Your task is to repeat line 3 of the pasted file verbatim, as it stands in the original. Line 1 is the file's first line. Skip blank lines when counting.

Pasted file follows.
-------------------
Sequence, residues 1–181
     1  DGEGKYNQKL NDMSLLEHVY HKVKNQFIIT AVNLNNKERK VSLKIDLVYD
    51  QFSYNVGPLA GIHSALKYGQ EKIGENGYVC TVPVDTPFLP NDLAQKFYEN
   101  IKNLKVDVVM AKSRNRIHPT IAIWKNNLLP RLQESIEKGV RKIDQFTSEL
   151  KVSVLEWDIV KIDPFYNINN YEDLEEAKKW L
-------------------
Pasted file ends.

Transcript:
    51  QFSYNVGPLA GIHSALKYGQ EKIGENGYVC TVPVDTPFLP NDLAQKFYEN